Dave
 

scotsgun

Well-Known Member
#9
2 incidents spring to mind:

1. Some 15yrs ago or so i was a member of a small rough shoot. My father, uncles and cousins were also members so it was great for socialising etc. However some of the things i remember now make me wonder how we survived without serious injuries.
We were standing around a farm yard at the end of the day. One old guy had bought a semi and was continually playing with it all day - it was obvious that he just didn't know how it operated. Anyway, he'd pulled it out of the sleeve to show his mate and was sliding it back inside when the gun went of. The pellets ripped throught the bottom of the sleeve, bounced off the concrete ground and some hit the back of my legs.
One second i'm drinking soup and chatting with my cousin, the next i'm on my back and the back of my legs feel weird.
Fortunately my father and uncles were all soldiers so they soon confirmed that i'd received only small wounds but i do remember my father wrestling the gun from the old fart, reversing it and smashing it repeatedly of the concrete.

2. I recently went to view a piece of land that a small syndicate have shooting rights to and were looking for a new member. The lead syndicate member confirmed that no-one was shooting on the day so i could walk through it. I was walking through the small wood when a round zipped through the trees! I didn't bother to go back.
 

monynut

Well-Known Member
#10
A few years back l was stalking on the ground l had a syndicate place on in Scotland and was out one morning with a fellow member, we had stalked along one of the forestry roads that were cut into the side of the hill half way up so over looking the valley below and the hillside opposite, we spotted a beast opposite that was shootable so my mate dropped the beast, we decided that l would stay and guide him into the beast.

To get to the beast was a relatively easy rout strait of the road down the side across the valley bottom and up the other side the only difficult bit being getting of the road which was a very steep decent on scree for about 15 ft, the mate moved along the road to find a more suitable point to descend and of he went, l kept an eye on him to make sure he made it down this first bit ok, as he made it to the tree line of the scree l sat back and waited for him to appear on the opposite side just as l did just that a round was let off from his 270 which he was carrying muzzle up on his shoulders that he had forgot to apply the safety on after reloading from the shot.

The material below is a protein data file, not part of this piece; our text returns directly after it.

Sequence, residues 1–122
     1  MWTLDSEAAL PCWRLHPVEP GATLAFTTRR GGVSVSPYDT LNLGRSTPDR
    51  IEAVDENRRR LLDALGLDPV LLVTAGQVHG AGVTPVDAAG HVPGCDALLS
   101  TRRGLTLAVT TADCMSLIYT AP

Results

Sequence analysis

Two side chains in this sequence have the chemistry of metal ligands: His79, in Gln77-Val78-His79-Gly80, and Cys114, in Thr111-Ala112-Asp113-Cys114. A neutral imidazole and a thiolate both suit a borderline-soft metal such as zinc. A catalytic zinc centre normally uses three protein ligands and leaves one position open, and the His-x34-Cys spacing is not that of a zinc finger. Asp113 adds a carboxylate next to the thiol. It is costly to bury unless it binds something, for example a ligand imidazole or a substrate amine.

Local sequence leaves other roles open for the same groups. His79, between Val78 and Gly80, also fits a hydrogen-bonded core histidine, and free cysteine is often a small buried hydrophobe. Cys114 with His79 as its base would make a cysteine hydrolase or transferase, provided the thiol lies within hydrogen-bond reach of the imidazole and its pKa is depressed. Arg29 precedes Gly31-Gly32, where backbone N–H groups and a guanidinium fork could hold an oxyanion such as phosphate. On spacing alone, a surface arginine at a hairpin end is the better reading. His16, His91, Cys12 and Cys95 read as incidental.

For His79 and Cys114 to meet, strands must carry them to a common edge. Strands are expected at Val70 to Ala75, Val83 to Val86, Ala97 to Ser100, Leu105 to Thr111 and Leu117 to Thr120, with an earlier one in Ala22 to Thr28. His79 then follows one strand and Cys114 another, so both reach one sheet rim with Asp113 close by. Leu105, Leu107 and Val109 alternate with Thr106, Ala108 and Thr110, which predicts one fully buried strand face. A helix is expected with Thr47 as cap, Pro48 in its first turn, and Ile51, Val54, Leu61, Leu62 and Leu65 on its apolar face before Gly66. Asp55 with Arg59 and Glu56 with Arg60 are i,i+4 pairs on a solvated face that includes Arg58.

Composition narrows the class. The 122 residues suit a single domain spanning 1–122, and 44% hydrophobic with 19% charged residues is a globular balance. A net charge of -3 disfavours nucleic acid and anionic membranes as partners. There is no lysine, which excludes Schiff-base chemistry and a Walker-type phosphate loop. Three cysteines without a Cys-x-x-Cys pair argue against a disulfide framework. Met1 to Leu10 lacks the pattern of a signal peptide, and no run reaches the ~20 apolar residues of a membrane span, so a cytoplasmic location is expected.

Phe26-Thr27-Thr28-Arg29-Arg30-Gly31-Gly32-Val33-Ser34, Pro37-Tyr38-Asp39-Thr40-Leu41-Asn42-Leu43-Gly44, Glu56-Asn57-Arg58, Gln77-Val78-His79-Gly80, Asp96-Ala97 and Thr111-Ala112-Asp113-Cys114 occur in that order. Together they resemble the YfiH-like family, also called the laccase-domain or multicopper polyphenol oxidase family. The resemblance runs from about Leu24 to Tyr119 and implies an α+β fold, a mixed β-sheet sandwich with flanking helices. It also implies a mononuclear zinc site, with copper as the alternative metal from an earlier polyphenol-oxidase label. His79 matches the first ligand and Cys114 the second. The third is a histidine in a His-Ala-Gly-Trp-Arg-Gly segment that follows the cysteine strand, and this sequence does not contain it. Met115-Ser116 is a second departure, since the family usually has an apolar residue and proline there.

There was no harm done but it could have been a lot different with me standing looking over the edge of the road, this all happened many years ago but l still remember it as if it was yesterday and l am sure it will be with me for many years.
 

Andy L

Well-Known Member
#11
It is frightening how many people have close shaves with firearms.
On the little game syndicate that I am part of, we have ony had trouble once and that was with an invited gun. Threw him off at lunchtime. It turned out he was a FEO!!!!!!
I thought I was a safe young shot at 13 until I put a .22 pellet into my leg from an HW80. Went through my wellies and jeans and into my leg. Could not tell my mother as she would have banned us so I pulled it out with a pair of tweezers. Talk about learn the hard way!!!!! Better an airgun at 13 than a .243 at 36!!!!!!!
 

buckup

Well-Known Member
#12
As I have been reading these posts, and remembering some of the close shaves I've heard about, and been involved in, it makes me wonder one thing. We often see posts from guys here who are dead set against training being a requirement of owning firearms. The above posts just goes to prove the point. We would all like to be safe at all times, and by and large I'm sure we both are and strive to be. However "WE" and I mean the term collectively aren't all naturally safe people. We have all met the guys with a fast shooting style, or the ditherers, both catogories have the potential for danger, as we all have if tired excited or down right pi...ed off. It only takes a few added circumstances to end in tears.